Who doesn’t want to live a long and healthy life?
As medical technology and knowledge improves, people are living longer than ever.
However, with age comes an increased risk of certain diseases.
The four major ones which can come with increased age include:
- Heart disease
- Type 2 diabetes
- Lung disease
However, this doesn’t mean that everyone who lives a long life will be faced with one or more of these conditions, and there are steps one can take to help guard against their development.
Today we’ll have a look at how staying active as you get older can help protect against developing these major health issues.
What Counts As Physical Activity And How Much Do I Need
Physical activity can be put into two major categories.
Cardio – or aerobic – activity includes walking and running, biking, dancing, and even doing yard work.
It gets your heart pumping and increases your breathing rate.
Strength training helps keeps your muscles strong and can include using free weights or bodyweight exercises, such as squats, crunches, or push-ups.
The best strength exercises incorporate all your major muscle groups.
The recommendation is for adults to get a minimum of 150 minutes of moderate intensity cardio activity each week and to perform strength activities at least two days per week.
If you have a condition which could impact your ability to exercise safely, be sure to discuss any exercise plans you wish to undertake with your doctor.
What Do We Know About Physical Activity And Disease?
A 2002 report from the U.S. Department of Health and Human Services notes a number of statistics related to health and physical activity, including:
- One study in which fourteen percent of deaths in the US were linked to activity and diet
- Twenty three percent of deaths from major chronic diseases were connected to a sedentary lifestyle
- As many as ninety five percent of all diabetes cases are type 2, which is linked to a sedentary lifestyle and being overweight
Despite these statistics, many people don’t get enough physical activity, putting themselves at risk for chronic health conditions throughout life.
Overall, physically active people tend to outlive those who don’t maintain an active lifestyle.
Stay Active And “The Big Four”
There are numerous ways which staying active into older adulthood can help guard against the “Big Four” health issues (cancer, heart disease, diabetes, and lung disease).
Firstly, engaging in regular physical activity is an important factor in maintaining a healthy weight.
Although the reasons why someone could become overweight are complex and involve a number of factors, a sedentary lifestyle often plays a role.
Maintaining a healthy weight is an important factor in helping prevent health issues.
For example, weight management can lower the risk of developing diabetes by managing sugar and insulin levels
In addition, in overweight individuals, the heart needs to work harder to pump blood to the body, which can increase the risk of developing high blood pressure, or hypertension.
Other ways exercise can help promote better health include:
- It lowers the risk of developing cancer
- Lessens the chance of having a stroke
- Has benefits for cognitive function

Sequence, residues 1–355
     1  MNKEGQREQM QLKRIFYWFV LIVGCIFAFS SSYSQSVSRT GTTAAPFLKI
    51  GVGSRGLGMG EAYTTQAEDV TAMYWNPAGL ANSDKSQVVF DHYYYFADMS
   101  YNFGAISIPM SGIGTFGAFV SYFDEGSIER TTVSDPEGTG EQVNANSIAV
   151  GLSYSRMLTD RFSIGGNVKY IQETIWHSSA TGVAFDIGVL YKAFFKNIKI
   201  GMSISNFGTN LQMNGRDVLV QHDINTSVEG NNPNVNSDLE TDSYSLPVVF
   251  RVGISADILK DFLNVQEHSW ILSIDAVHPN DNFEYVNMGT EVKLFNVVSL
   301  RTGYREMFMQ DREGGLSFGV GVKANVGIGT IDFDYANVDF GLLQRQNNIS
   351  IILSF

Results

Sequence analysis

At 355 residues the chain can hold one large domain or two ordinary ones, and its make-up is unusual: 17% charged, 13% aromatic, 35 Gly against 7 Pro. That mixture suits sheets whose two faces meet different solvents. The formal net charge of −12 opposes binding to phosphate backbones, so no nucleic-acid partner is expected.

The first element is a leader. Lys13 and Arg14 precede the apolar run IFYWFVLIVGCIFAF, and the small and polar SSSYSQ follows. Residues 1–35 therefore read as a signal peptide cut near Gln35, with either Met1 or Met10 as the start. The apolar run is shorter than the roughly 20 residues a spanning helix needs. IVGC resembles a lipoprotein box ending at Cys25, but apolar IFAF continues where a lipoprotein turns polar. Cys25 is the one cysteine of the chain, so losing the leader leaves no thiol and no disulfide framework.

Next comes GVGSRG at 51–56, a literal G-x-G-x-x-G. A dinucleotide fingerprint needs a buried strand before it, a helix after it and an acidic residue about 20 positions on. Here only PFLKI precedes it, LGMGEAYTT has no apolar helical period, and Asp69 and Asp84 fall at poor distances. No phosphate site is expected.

- Reduces depression symptoms
- Lowers mortality rates
- Improves sexual health
- Assists in maintaining a healthy weight
- Promotes strong and healthy bones and muscles
- Increases mobility
- Helps to reduce the risk of falls for older adults
- Increases longevity
- May help with quitting smoking
Tips For Staying Active
If you want to become active or find more ways to incorporate physical activity into your day, here are some tips to help you get started.
Firstly, start slowly – especially if you haven’t been very active up to this point.
Ramping things up too quickly, or trying to do too much too quickly can lead to injuries which will set you back even further.
If you’re unsure about getting started, speak to your doctor or health professional first.
Next, get a support system.
Let your friends and family know about your fitness goals, and find ways to exercise together.
For example, next time you want to catch up with a friend, rather than going out for dinner, try going for a walk instead – it benefits both of you and doesn’t cost anything.
Find ways to get a little bit of extra activity into your day.
If you are able to walk to run errands, then do so – if it’s a little too far to walk, then park further away, or get off the bus a stop or two early, and take the stairs instead of the elevator or escalator where possible.
Figure out when you have the most energy – some people love exercising first thing in the morning, others prefer to wait until later in the day; either way you’ll get more from your workouts if you find the time of day which suits you best.
Schedule it – if you schedule something, you’ll be less likely to skip doing it; a platform like FitIn offers a variety of virtual and in-person classes to choose from, such as a private group yoga class.
“Doing activities with friends or in groups is one of my top recommendations for people looking to figure out how to keep active,” says FitIn founder Catherine Chan.
“You forget that it’s exercise, you won’t feel like it’s a chore, because you’ll be having fun with your friends. Some activities work better for this than others, but soon you’ll find yourself looking forward to that Pilates class, because it will be an opportunity to socialize first and foremost.”
Taking on a new exercise program can be intimidating but staying active is one of the best things you can do for your overall health now, and as you age.
So what are you waiting for? Get moving today!